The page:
As early as Labor Day, Kickstarter supporters could have the option to download this app for free. 

Downside of the delay is the time can't be made up.  We're looking at the end of December, New Years, in fact, as our new delivery target.

But be of good cheer- remember that some of the best walls are just coming into their own at that point: Reed's Creek and the Guide Wall bake all day long in summer, and Cave Mountain enjoys almost two more hours of daylight than either of them, all year long.  Even Long Branch and The Ninja Walls, bare of their summer canopy, get direct morning sun.

The print version of the guide will NOT be available in giant retail booksellers like Barnes & Noble or Books-A-Million, but in small local shops and gyms around the region, as well as online and from REI and EMS. Look for it at Downtown Books, next to the parking deck off Water Street in Harrisonburg, Virginia and at the Mountaineer Shack, just south of the 7-11 in Petersburg, West Virginia.

Next trail day: Halloween weekend: watch for an announcement concerning local access as well.

For more info or any questions, contact Mike Gray wvmgray@gmail.com  

Thursday, July 31, 2014

Passing the Days

With the Kickstarter fundraiser now a successful thing of the past, time here in Basecamp Gypsy is spent reading surveys and designing T-shirts, waiting for Amazon and making plans for the next weekend of trail work and clean-up, somewhere between Labor Day and Hallowe'en.

Edits, emails, apps, interested parties who want to publish, resell, and otherwise "help" me with the guidebook.  Mis-routed hardware and indecipherable voice mails, gifts from old friends and new.

Settling into a new place, spending time with my wife, my grandchildren and beautiful stepdaughter, spending too much time behind the wheel, trying to judge the costs; the stress of driving a hundred miles and camping away from home for weeks to make a living balanced against my own quest for peace of mind and reason, paychecks weighed against the lost, irreplaceable hours with those I love and the wear and tear on a body that has been doing this for too many decades, too many thousands of miles, too many hotels and campgrounds, rental desks and three a.m. departures, all adding up to a toll that too often demands more than my best and exceeds my reserves.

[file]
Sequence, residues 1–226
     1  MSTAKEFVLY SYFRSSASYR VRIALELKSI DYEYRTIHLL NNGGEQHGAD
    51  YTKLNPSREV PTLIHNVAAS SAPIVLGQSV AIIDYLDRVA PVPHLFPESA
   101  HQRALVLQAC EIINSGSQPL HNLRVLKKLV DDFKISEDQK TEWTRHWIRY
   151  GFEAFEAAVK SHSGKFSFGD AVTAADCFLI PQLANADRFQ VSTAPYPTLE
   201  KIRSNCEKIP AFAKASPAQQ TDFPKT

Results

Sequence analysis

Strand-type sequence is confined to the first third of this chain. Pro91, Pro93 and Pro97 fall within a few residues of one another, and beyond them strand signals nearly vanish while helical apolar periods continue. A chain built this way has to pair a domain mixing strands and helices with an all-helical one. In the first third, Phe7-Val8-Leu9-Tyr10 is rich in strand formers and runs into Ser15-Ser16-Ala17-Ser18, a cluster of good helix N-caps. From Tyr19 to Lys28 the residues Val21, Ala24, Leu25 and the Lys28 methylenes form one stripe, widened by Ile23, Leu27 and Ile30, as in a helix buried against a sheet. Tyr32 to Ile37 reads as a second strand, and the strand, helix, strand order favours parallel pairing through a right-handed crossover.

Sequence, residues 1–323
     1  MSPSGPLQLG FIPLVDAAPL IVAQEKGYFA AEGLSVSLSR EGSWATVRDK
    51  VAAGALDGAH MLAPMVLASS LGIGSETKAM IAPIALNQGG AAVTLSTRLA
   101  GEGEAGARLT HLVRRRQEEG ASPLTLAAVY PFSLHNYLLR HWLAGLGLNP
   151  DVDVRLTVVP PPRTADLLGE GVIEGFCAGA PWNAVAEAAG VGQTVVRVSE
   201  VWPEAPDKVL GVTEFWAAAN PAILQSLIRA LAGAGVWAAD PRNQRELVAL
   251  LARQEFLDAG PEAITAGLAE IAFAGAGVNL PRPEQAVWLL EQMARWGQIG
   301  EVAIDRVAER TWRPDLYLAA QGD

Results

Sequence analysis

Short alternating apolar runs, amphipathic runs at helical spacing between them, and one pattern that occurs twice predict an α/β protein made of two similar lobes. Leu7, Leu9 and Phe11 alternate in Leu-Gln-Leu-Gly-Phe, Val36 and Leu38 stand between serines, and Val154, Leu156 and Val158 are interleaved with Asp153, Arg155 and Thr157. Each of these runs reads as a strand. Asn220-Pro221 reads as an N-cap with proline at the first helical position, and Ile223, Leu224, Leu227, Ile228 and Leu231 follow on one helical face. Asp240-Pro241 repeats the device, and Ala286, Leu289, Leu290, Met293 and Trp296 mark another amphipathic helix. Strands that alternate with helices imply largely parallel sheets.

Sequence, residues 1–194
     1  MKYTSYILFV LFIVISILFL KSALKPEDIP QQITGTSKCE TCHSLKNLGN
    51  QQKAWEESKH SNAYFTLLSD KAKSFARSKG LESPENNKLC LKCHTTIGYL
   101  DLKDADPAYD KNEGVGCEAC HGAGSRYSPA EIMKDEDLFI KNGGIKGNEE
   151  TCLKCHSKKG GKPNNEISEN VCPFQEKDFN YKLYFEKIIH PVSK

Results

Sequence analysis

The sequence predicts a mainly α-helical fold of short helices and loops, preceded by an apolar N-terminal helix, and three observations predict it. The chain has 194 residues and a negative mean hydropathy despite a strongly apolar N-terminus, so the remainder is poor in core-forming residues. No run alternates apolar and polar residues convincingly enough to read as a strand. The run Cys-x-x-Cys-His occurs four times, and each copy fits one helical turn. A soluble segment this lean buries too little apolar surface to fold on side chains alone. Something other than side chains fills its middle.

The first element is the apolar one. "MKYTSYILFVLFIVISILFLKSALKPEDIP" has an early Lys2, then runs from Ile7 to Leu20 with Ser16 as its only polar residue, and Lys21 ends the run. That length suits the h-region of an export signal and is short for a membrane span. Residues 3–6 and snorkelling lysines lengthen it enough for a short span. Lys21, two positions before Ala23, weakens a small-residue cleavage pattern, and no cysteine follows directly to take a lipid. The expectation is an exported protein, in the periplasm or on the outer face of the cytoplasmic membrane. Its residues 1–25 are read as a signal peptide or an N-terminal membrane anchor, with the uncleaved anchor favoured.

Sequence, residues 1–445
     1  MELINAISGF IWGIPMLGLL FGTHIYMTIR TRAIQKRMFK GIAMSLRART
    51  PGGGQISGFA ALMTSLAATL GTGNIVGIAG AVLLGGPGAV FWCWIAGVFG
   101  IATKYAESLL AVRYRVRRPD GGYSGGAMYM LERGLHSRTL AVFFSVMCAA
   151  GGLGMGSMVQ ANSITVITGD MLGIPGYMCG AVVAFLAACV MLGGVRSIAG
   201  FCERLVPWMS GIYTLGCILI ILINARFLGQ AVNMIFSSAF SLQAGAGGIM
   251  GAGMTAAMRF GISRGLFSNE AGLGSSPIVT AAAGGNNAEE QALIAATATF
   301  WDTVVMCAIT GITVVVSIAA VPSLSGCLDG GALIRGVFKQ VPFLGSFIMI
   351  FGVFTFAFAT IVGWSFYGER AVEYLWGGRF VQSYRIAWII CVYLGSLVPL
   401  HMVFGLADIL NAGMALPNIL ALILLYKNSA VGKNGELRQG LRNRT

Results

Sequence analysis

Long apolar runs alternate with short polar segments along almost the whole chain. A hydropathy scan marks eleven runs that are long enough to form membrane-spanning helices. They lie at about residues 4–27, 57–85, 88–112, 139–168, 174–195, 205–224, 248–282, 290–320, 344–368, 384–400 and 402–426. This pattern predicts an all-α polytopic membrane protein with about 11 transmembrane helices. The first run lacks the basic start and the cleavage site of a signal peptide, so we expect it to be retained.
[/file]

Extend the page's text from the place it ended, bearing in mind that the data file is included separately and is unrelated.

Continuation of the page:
Watching idiots in charge make bad calls, while the rest of us bear the cost and clean up the mess, from our local crags and forests to the global scene.

Pruning hedges and walking country roads,  mounting a new backyard target  for throwing knives out by the fire pit, cutting away deadwood and encouraging new growth, taking up old hobbies and new, polishing rusty skills and accepting new lessons.

Listening to bird song and frogs in the dusk, picking blackberries and living the life, passing the days here in West Virginia.

Saturday, July 19, 2014

Down to the Wire

We still have 10 hours to go and the starving students/working class stiffs offer still stands... make a pledge of $10-20, show up for two days of trail work, end your day with some climbing, good grub and community, and we'll set you up in a campsite and send you a guidebook and T-shirt for the release date.
Due to limited space, campsites will be limited to trail work volunteers and Kickstarter supporters, but there are sites available at private Eagle Rock, which is only $10, and while a bit "rustic", has no quiet time or check out time. Cross the river and climb adventure trad all day long, swim, or check out the rest of this amazing canyon.

Saturday, July 12, 2014

Blessed

This guidebook could never have been written without the incredible contributions of so many generations of climbers, dreamers and explorers, the support of the climbing and Kickstarter community or the encouragement of the incredible group that I call friends.  If you do not see a name, it is through no failure on the part of that person, but of my own memory.  For any such omissions I must deeply apologize in advance.

This has taken a lot of love and support behind the scenes, from the first routes in the canyon all those years ago, through years of ascents and bivvy sites, jugging and chasing tenuous hooks, rapping and cleaning and building trail when the weather turned, the inception of the guidebook and the gathering of old notes and photos, sorting data, chasing names and grades, accepting that no one can write the perfect guide and trying to write the best guide that I could.
It all began six years ago in the basement of an old church in the heart of Smoke Hole Canyon, and there are a number of folks I must thank for help and belief, input and criticism along the way.
Citation for Dedication Above and Beyond the Call of Duty goes to Michael Fisher, aka Doc Goodwack, single-handedly responsible for some of the finest hard technical and beautiful bold routes in this guidebook.  At Cave Mountain and The Fortress, he was the first in and up the walls with the only routes to date.  At The Darkside or Long Branch, Sunshine and Ninjas Walls, Reed’s Creek and Franklin, he created hard lines and instant classics.